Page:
It’s full of those little white spots that I think come from the bottom of the slow cooker where the soap’s been heated to much. I’m still not sure how to get rid of them, or if I even should. I think they add some nice texture.

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My fear is that I’m going to say the same thing about patches of uncured lye and burn my skin off…

Coffee Soap

I bought a huge tub of coconut oil. It’s popular in soap recipes and, if you read the hype, just about everything else. Cooking, hair care, skin care – and those are just the recommended uses on the tub. Ask the right people online and it also cures sunburn, yeast infections, arthritis, and cold sores. I rubbed some on my hands and hated it. It felt like I’d just covered myself in Crisco. So much for beauty.

That’s alright – I really bought it for its soapiness. I wanted to make coffee soap following a recipe in my book. There’s a strange phenomenon in this book – the more advanced recipes (like coffee) tell you to start with any basic batch (of which there are many). This leads to a dangerous mixing of scents for the uninitiated…

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For my base recipe I chose a simple one from the front of the book that contains 1 lb 5 oz olive oil, 10.5 oz coconut oil, and 1 oz castor oil. Why so little castor oil?  What’s it doing there? No idea.

To get the coffee scent, I replaced the water in the water lye mixture with strong brewed coffee (10 oz to 4.8 oz lye). It did not smell good.

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While I let the lye fumes blow out the window, I heated my oils in the crock pot. When they finally liquefied (I’m lookin’ at you, coconut oil) I added the lye and coffee mixture and went at it with the immersion blender until it traced.

My previous batch of Castile soap came out with a bunch of light-colored chunks that I thought may have come from too much stirring. I’d since read that you really shouldn’t stir unless the soap starts to bubble up, so I made a pact with myself to leave it alone. About twenty minutes in, however, a big eruption came up the side and had to be dealt with. Maybe stirring isn’t such a bad thing.

This is how it looked after the first stirring. It smelled very strange, but it looked beautiful.

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A while later I gave it another stir and discovered that the soap on the bottom was a completely different color. I imagine it was getting a lot more heat.

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After two hours of cooking, I dropped in some Phenolphthalein and it tested neutral. I ground up two tablespoons of coffee beans for grit. God, I love grit in soap.

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After my super ugly Castile soap bars, I splurged and got myself a silicone loaf mold. I spooned the soap in and tried my best to get it down into all the corners. I put it on the kitchen table, squeezed between a box of beer bottles and the wall to keep the sides from bowing out. I left it for a few hours to cool and garner confusion and suspicion among my housemates.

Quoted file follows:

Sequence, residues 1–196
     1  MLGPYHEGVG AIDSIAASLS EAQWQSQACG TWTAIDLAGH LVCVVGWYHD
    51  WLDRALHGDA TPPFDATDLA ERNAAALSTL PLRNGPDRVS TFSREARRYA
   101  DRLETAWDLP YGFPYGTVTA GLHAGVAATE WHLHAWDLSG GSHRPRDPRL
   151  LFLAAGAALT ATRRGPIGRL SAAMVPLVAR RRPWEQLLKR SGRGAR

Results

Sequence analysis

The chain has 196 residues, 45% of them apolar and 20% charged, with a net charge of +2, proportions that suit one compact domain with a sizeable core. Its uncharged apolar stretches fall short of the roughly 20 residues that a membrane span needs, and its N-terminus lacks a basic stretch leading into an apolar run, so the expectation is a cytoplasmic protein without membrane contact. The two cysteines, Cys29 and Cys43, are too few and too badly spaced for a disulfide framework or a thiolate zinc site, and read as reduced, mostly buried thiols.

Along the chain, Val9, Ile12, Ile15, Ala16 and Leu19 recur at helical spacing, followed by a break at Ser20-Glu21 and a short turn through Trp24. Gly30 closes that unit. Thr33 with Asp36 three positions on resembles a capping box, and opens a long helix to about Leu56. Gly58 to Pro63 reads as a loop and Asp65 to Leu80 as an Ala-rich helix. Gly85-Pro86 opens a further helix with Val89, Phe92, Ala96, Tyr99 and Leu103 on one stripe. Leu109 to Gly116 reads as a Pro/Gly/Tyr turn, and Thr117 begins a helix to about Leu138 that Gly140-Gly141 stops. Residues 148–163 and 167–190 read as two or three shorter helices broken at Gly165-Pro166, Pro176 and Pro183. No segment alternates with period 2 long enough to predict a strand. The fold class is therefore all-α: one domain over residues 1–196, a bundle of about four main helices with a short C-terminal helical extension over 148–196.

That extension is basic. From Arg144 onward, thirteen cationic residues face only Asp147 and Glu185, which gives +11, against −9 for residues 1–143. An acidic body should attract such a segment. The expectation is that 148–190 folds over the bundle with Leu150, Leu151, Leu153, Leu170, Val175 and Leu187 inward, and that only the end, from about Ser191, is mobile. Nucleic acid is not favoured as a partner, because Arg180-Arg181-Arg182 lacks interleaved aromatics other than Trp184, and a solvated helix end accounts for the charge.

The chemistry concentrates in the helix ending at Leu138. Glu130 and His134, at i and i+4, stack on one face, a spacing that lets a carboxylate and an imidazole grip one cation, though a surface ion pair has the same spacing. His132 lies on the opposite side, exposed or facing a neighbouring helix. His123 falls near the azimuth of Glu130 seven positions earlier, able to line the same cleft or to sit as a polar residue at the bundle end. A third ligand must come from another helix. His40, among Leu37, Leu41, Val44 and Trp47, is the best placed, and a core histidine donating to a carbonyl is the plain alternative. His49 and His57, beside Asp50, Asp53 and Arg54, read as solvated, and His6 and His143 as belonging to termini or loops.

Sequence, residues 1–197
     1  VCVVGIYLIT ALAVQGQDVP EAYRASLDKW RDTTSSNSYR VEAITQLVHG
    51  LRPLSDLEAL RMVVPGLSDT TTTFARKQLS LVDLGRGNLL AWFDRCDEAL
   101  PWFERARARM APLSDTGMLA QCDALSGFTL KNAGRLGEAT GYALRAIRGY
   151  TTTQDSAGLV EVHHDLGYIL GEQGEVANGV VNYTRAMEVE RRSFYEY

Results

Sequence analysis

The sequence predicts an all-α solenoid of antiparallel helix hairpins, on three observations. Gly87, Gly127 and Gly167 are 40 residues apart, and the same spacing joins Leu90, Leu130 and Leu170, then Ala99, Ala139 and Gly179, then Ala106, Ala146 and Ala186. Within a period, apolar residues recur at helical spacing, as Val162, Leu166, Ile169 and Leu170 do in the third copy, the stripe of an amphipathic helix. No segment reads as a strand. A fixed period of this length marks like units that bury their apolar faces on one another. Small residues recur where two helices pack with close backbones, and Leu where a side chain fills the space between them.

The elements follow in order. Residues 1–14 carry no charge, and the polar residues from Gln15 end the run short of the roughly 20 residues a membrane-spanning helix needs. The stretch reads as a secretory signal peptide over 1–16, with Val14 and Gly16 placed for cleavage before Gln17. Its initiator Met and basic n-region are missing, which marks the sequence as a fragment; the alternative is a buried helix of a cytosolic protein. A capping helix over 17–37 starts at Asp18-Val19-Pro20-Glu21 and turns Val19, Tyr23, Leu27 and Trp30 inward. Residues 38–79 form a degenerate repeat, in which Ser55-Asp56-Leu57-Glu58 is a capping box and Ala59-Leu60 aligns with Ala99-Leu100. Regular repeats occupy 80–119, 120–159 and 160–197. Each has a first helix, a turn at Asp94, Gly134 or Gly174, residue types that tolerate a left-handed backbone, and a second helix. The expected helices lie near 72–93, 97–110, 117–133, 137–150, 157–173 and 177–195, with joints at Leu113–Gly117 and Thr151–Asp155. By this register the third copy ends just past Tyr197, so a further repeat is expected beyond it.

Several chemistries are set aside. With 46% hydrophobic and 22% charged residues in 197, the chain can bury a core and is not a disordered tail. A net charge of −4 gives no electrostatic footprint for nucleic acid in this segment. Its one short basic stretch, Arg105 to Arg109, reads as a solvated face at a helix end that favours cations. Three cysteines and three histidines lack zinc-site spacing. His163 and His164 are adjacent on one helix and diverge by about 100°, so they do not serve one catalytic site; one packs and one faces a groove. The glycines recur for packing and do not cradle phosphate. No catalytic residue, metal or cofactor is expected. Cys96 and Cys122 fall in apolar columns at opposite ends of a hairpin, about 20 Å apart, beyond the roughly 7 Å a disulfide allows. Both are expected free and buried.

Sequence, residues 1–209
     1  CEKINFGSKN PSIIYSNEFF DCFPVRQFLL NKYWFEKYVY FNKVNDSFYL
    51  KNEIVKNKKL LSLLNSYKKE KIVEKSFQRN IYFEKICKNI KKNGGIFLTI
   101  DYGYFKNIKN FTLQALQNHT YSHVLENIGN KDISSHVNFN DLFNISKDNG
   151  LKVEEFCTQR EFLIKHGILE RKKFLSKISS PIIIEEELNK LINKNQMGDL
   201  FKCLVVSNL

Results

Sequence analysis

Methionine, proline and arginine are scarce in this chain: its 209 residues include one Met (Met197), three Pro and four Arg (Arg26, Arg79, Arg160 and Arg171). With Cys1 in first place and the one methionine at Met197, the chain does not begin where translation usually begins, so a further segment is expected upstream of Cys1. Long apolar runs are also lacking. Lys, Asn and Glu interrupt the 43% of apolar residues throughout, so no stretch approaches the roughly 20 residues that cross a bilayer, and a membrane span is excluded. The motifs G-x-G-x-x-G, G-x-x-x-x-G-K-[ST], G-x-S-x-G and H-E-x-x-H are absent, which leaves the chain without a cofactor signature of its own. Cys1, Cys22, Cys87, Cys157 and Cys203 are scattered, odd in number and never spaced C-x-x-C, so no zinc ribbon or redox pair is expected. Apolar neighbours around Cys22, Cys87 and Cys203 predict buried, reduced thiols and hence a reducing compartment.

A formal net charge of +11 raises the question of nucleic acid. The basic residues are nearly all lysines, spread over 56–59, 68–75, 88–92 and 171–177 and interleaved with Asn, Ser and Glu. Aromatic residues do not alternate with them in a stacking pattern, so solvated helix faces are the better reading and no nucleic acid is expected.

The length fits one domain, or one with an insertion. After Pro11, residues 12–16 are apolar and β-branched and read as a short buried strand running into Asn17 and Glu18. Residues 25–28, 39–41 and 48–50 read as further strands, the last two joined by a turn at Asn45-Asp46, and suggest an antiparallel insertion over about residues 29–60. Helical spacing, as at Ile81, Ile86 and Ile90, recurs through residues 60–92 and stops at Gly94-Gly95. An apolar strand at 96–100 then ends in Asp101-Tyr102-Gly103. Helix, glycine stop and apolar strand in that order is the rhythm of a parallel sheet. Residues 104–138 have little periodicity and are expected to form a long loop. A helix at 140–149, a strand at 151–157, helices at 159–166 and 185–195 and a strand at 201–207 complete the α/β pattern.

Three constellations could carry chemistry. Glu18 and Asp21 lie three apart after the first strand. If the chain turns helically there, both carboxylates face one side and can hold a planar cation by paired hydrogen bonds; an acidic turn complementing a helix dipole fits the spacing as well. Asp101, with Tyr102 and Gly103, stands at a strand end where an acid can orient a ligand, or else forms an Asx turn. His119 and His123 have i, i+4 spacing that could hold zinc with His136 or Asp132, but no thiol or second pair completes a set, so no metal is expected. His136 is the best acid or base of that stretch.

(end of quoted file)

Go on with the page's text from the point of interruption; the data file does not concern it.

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Once it was cool, I turned it out of the mold. The silicone was perfectly flexible and I was able to more or less peel it back from the soap.

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The loaf mold came with a handy wavy soap cutter. The soap was totally hard, but still just soft enough to slice through cleanly and easily. It makes for a rough top, smooth sides and bottom, and a front and back cross section that looks great with the coffee grounds and those lighter colored globs I thought I could get rid of.

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So is this method better than the individual molds? Absolutely. Does that mean I’m happy with this soap? It does not. It smells weird. It smells really weird, and not especially like coffee. Everyone agrees that it smells kind of like bread dough. Or banana bread batter. Not bananas, mind, but banana bread. A few smellers, including me, came up with that one separately. I don’t know if it’s the mixture of the oils (olive and coffee is not a combination I’d necessarily cook with), or the coffee I used (it had been sitting for a few hours after breakfast – maybe it needed to be fresher). It may have been something else. Or maybe, just maybe, this is what it’s supposed to smell like.

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But I have a hard time believing that.

Six Week Soap

It’s been six whole weeks since I made my cold process Castile soap. Since then it’s been living in a paper bag in my closet, getting turned over whenever I think of it.

But no more! According to my book, the bars ought to have cured to neutrality by now. This is an ordeal that takes only a couple hours using the hot process method, which I did using the exact same Castile recipe two weeks ago. Throwing caution to the wind, we took a bar to the kitchen sink.